Kremlin

کرملین

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Updated: Saturday 11th October 2014

Kremlin Definition

Citadel of Moscow in which the Russian government is housed; government of Russia. In medieval Russia, these were central fortress, usually located at a strategic point and separated from the surrounding parts of the city by a wall with ramparts, towers, and battlements. Moscow's Kremlin (established in 1156) served as the centre of Russian government until 1712 and again after 1918 (Wikipedia) - Kremlin This article is about Russian fortresses. For the kremlin in Moscow, see Moscow Kremlin. For other uses, see Kremlin (disambiguation).
This article does not cite any references or sources. Please help improve this article by adding citations to reliable sources. Unsourced material may be challenged and removed. (July 2012)
A wall of Smolensk Kremlin in 1912.Remains of the Kolomna Kremlin.Nizhny Novgorod Kremlin.The bishop residence in Rostov, sometimes called a Kremlin

A kremlin (Russian: кремль, tr. kreml; IPA: , fortress; same root as in kremen (Russian: кремень, tr. kremen; IPA: , flint)) is a major fortified central complex found in historic Russian cities. This word is often used to refer to the most famous one, the Moscow Kremlin, or metonymically to the government that is based there.

Contents
  • 1 The short list of Russian cities with kremlins
  • 2 Kremlins outside borders of modern Russia
  • 3 Further reading
  • 4 See also
  • 5 External links

The short list of Russian cities with kremlins
  • World Heritage Sites
    • Moscow Kremlin
    • Novgorod Kremlin
    • Solovetsky Monastery
    • Kazan Kremlin
  • Extant
    • Astrakhan Kremlin
    • Kolomna Kremlin
    • Nizhny Novgorod Kremlin
    • Pskov Kremlin
    • Rostov Veliky Kremlin (a bishop residence, not formally considered a kremlin)
    • Smolensk Kremlin
    • Tobolsk Kremlin (the sole stone kremlin in Siberia)
    • Tula Kremlin
    • Zaraysk Kremlin
    • Ivangorod Fortress (not formally considered a kremlin)
    • Oreshek Fortress (not formally considered a kremlin)
    • Staraya Ladoga
    • Alexandrov Kremlin (a czar residence, not formally considered a kremlin)
    • Korela Fortress (not formally considered a kremlin)
    • Izborsk Kremlin
  • In ruins
    • Gdov Kremlin
    • Porkhov Kremlin
    • Serpukhov Kremlin
    • Velikie Luki Kremlin
    • Torzhok Kremlin
    • Mozhaysk Kremlin
    • Fortress of Koporye (not formally considered a kremlin)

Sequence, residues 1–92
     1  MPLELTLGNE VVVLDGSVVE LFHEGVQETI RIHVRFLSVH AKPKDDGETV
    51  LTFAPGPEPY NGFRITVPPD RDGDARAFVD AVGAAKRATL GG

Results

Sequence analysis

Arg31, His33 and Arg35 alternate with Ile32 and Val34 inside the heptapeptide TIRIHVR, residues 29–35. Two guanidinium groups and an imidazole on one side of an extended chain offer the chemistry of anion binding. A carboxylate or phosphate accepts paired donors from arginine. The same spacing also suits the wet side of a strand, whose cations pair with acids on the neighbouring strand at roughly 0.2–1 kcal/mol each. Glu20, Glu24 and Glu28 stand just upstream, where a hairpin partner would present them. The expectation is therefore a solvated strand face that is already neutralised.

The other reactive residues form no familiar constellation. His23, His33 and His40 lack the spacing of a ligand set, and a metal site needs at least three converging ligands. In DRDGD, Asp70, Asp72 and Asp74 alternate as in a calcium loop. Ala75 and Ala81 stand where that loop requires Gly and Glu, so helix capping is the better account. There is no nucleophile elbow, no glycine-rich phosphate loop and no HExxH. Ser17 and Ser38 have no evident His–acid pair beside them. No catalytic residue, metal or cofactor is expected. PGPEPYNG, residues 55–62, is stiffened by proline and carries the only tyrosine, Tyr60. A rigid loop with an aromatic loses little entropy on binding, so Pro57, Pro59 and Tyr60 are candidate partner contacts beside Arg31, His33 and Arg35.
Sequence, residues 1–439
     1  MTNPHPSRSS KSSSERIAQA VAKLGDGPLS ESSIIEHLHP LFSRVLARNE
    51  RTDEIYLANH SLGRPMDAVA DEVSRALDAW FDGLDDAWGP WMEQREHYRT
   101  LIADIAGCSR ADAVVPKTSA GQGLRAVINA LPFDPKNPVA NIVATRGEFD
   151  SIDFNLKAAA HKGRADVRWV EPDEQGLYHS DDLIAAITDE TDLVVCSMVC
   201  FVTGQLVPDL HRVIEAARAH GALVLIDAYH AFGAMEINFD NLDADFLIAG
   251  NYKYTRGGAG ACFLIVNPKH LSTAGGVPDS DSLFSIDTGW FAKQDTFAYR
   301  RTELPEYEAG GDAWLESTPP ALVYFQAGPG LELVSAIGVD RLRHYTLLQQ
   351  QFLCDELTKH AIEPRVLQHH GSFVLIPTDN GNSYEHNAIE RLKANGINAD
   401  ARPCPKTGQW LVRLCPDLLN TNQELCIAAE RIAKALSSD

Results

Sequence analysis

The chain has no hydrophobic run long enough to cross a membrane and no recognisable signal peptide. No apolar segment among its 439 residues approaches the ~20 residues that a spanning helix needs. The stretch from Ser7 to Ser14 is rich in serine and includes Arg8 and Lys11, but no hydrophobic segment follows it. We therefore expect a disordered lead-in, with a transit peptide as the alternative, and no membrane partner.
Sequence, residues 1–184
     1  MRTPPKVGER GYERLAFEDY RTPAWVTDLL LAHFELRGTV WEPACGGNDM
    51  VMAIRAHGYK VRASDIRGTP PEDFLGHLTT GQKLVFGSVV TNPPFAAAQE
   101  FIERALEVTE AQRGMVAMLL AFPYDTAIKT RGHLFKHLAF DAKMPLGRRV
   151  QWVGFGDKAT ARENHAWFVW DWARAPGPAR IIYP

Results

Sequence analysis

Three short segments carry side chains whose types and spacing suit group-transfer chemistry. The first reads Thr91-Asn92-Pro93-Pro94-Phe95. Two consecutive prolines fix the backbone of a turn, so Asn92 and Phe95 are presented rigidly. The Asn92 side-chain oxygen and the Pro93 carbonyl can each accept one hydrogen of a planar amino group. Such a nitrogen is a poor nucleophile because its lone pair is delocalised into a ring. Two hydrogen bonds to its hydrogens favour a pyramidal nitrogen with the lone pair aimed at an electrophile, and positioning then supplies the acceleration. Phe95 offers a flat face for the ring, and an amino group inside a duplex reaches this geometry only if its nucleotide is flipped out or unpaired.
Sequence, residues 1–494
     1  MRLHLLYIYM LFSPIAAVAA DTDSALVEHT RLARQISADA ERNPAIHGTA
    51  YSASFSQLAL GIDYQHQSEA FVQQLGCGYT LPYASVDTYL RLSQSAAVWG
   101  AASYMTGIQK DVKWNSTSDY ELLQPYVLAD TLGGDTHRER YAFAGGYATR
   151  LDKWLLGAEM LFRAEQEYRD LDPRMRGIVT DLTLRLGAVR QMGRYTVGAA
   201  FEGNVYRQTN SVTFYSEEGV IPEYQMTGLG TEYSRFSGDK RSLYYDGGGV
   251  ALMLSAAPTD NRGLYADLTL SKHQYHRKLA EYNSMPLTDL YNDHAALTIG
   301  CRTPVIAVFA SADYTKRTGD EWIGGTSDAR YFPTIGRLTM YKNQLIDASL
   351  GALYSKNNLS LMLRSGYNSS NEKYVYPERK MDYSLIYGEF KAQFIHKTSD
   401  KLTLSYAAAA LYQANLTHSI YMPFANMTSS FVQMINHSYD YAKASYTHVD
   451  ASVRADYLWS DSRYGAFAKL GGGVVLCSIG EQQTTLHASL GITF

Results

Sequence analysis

• Vyazma Kremlin (one tower)
    • Syzran Kremlin (one tower, 1683)
    • Ufa
  • Unwalled
    • Vladimir Kremlin (Tower Golden Gate and bank)
    • Dmitrov
    • Ryazan
    • Vologda (a bishop residence, not formally considered a kremlin)
    • Yaroslavl (two towers)
    • Pereslavl-Zalessky
    • Khlynov (Vyatka)
    • Volokolamsk
  • Only traces
    • Borovsk
    • Opochka
    • Zvenigorod
    • Starodub
    • Tver – a wooden fortress was burned down in a fire in 1763
    • Sknyatino – underwater since flooding during the 1930s.
    • Yam Fortress (not formally considered a kremlin)
    • Fortress of Radonezh
    • Ryazan
    • Old Ryazan (60 km from modern Ryazan)
    • Ostrov (14th-15th centuries)
    • Belgorod (bank of fortress)
    • Vereya
    • Kaluga
    • Kleshchin
    • Kostroma
    • Pustozyorsk
    • Uglich
    • Staritsa
    • Sviyazhsk
    • Cheboksary
    • Yuryev-Polsky
    • Aleksin
    • Opochka
    • Oryol
    • Rurikovo gorodishche
    • Mtsensk
    • Raskiel
  • Modern imitations
    • Izmaylovo Kremlin
Kremlins outside borders of modern Russia

After the disintegrations of the Kievan Rus, the Russian Empire and the USSR, some fortresses considered Kremlin-type, remained beyond the borders of modern Russia. Some are listed below:

  • Belz, Ukraine (only traces)
  • Kiev, Ukraine (reconstructed tower of the Golden Gate)
  • Putyvl, Ukraine
  • Novhorod-Siverskyi, Ukraine
  • Chernihiv, Ukraine (only traces)
  • Kamyanyets, Belarus (shafts and Belaya Vezha tower)
  • Belgorod Kievsky, Ukraine (now village Belgorodka)

Many Russian monasteries have been built in a fortress-like style similar to that of a kremlin. For a partial list, see Monasteries in Russia.

Further reading
  • Воронин Н. Н. Владимир, Боголюбово, Суздаль, Юрьев-Польской. М.: Искусство, 1967.
  • Кирьянов И. А. Старинные крепости Нижегородского Поволжья. Горький: Горьк. книжн. изд., 1961.
  • Косточкин В. В. Русское оборонное зодчество конца XIII — начала XVI веков. М.: Издательство Академии наук, 1962.
  • Крадин Н. П. Русское деревянное оборонное зодчество". М.: Искусство, 1988.
  • Раппопорт П. А. Древние русские крепости. М.: Наука, 1965.
  • Раппопорт П. А. Зодчество Древней Руси. Л.: Наука, 1986.
  • Раппопорт П. А. Строительное производство Древней Руси (X—XIII вв.). СПб: Наука, СПб, 1994.
  • Сурмина И. О. Самые знаменитые крепости России. М.: Вече, 2002.
  • Тихомиров М. Н. Древнерусские города. М.: Гос. изд. полит. лит-ры, 1956.
  • Яковлев В. В. Эволюция долговременной фортификации. М.: Воениздат, 1931.

Tags:Belarus, Kiev, Kremlin, Monastery, Moscow, Russia, Russian, USSR, Ufa, Ukraine, Wikipedia, World Heritage

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